LONDON (Reuters) - Britain should negotiate transitional arrangements with the European Union to avoid “cliff edge” disruption to financial markets when the country leaves the bloc, a top British banking official said on Wednesday.
Once Britain has begun formal talks to withdraw from the EU by triggering Article 50, the country will leave two years later even if no new trade deals have been agreed - unless every EU member state agrees to extend the negotiation period.
Anthony Browne, chief executive of the British Bankers’ Association, said lenders were in a wait and see mode now but unless a transition framework is put in place banks would soon have to decide whether to move operations to Europe, as such shifts could take several years to implement.
“We think there should be some form of transitional arrangements,” Browne told a House of Lords committee.
Much is at stake both for London and government coffers. Financial services generate more than 60 billion pounds ($80 billion) a year in tax, with 15 billion of that from foreign banks in London who depend on an EU passport to sell financial services across the region, Browne said.
But Britain’s shock vote to leave the bloc has forced firms to rethink their strategy, which has depended until now on the EU passport. Banks are already making contingency plans on how to serve customers across Europe if Britain loses those rights.
“What we would like ... is to have as full bilateral access to the European market as close as possible to what we have at the moment,” Browne said.
Elsewhere in the sector, the Lloyd’s of London insurance market said this week it would transfer some business to the EU if Britain does not get single market access.
More generally, the financial sector wants a clear steer from government on its negotiating position after British Prime Minister Theresa May shot down some policy ideas put forward by colleagues who had campaigned to leave the EU.
First, she rejected an Australian-style points system for selecting immigrants, which had been championed ahead of the vote. The financial sector hires large numbers of EU citizens.
Then on Tuesday, May’s office distanced itself from comments by David Davis, the minister charged with negotiating Brexit, suggesting Britain was unlikely to keep full access to the EU single market, saying that was his personal opinion.
EU leaders have insisted they would only grant Britain full access in return for the continued free flow of EU citizens to the country.
Charlie Bean, a former deputy governor of the Bank of England, said he expected euro zone policymakers to mandate that clearing in euro-denominated financial transactions, which is dominated by the City of London, is shifted to the euro zone.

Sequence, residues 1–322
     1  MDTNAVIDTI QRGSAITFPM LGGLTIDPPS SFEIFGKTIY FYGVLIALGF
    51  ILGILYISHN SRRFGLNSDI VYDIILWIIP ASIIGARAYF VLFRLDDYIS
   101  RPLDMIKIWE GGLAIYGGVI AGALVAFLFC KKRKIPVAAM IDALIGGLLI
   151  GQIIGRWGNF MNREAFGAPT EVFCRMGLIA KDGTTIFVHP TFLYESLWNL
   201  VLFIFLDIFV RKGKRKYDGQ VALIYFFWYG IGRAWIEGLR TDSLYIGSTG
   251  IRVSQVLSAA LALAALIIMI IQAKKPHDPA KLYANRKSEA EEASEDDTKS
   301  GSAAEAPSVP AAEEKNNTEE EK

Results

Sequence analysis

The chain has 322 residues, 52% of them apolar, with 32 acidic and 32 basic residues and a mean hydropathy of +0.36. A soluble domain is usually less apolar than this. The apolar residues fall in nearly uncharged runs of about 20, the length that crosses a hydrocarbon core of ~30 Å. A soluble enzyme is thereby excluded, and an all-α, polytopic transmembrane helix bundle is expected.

“I think it’s certain that we will lose it,” Bean said.
Top British bankers met with finance minister Philip Hammond on Wednesday to ask for a clearer idea of what the country’s divorce from the EU will mean.
“It is important Britain maintains its status as a great place for financial services and that is why the government stands ready to help the sector maximize the opportunities that leaving the EU presents,” Hammond said after the meeting.
Some analysts have said there could be a quick fix thanks to the so-called equivalence regime, under which the European Union can allow access to its markets for countries whose regulations are similar to those within the bloc.
But Browne said this was an untested regime and did not provide sufficient certainty for longer-term security.
“The downside of the equivalence regime is that it can be withdrawn at very short notice unilaterally. That is not a good basis for planning for business,” Browne said.
In practice, proving and maintaining “equivalence” generally for UK regulations would be challenging because Britain would be sidelined from European rule making.
Bean said a transition period would mean that banks do not have to worry about starting to move to Europe now, before they know what the final trading terms will look like.
Japan, whose banks in London use an EU passport, has also called for transitional arrangements.
“Article 50 is an unrealistic time frame for financial institutions to migrate to a future plan,” said Andy Gray, UK financial services leader at consultants PwC.
Editing by David Clarke
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